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Like it or not, we depend on immigration

Migrants heading for the White Cliffs of Dover. Luke Dray/Getty

It’s “hard to exaggerate the extent” of the government’s fixation on illegal boat crossings across the English Channel, says Matthew d’Ancona in Tortoise. The weekend newspapers reported that Rishi Sunak had “completely taken control” of the issue, sidelining Suella Braverman. The Home Secretary herself has tacitly endorsed a “hard-hitting” think tank report urging much tougher deterrence for asylum seekers. Underpinning all this heavy-handed rhetoric are fears the public won’t take kindly to annual net migration rising to a record 504,000. As one Downing Street source puts it: “That sort of figure goes down in Red Wall seats like a fart in a spacesuit.”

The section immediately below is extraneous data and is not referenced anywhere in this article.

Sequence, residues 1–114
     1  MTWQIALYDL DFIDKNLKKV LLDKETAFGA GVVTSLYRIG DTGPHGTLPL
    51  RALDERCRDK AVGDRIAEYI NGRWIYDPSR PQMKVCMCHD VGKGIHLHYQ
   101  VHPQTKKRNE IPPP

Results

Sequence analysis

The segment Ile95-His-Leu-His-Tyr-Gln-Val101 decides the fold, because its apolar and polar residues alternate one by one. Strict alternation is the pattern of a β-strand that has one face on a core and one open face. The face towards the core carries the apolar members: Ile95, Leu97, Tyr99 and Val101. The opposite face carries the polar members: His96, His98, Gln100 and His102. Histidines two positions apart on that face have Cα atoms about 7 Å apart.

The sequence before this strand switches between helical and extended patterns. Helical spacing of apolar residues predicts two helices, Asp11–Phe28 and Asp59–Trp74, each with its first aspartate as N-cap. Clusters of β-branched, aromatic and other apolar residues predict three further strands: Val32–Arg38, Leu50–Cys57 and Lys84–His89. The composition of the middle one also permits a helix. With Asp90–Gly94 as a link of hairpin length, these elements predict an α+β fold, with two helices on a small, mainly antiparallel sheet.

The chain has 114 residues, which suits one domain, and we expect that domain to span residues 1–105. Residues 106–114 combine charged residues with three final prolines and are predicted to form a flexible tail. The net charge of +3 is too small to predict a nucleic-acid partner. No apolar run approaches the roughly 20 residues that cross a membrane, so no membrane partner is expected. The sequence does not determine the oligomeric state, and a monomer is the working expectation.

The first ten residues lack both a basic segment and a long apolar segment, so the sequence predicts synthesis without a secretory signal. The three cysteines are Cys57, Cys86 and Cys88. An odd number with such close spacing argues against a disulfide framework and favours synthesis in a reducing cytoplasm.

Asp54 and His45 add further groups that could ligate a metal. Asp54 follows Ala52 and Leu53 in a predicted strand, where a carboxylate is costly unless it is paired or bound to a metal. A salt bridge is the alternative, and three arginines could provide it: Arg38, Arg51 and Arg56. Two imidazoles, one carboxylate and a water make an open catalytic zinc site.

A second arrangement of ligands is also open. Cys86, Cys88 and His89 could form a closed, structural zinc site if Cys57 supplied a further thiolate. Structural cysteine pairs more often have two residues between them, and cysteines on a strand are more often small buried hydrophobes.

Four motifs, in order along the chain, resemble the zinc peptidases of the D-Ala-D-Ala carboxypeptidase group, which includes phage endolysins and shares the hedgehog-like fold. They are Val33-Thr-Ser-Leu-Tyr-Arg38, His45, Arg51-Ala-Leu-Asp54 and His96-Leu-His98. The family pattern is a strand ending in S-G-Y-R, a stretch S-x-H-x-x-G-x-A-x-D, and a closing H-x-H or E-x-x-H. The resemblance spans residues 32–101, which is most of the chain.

What Sunak and pals really need to do is “level with the public” about why these numbers are so high. Namely, because we have built a society that is totally and irreversibly dependent on immigration. “We insist upon an adequately staffed NHS; upon social care that has the necessary employees; upon a service economy of waiters, baristas, and delivery drivers; upon round-the-clock availability of plumbers and electricians.” Every one of those sectors would “implode” without a steady supply of migrant labour – and indeed many are on the verge of doing so. Politicians know this. But unlike Margaret Thatcher, or Tony Blair on a good day, they’re unwilling to “tell the country to grow up and face difficult truths”. So instead we’re stuck with “populist appeasement” and short-term thinking.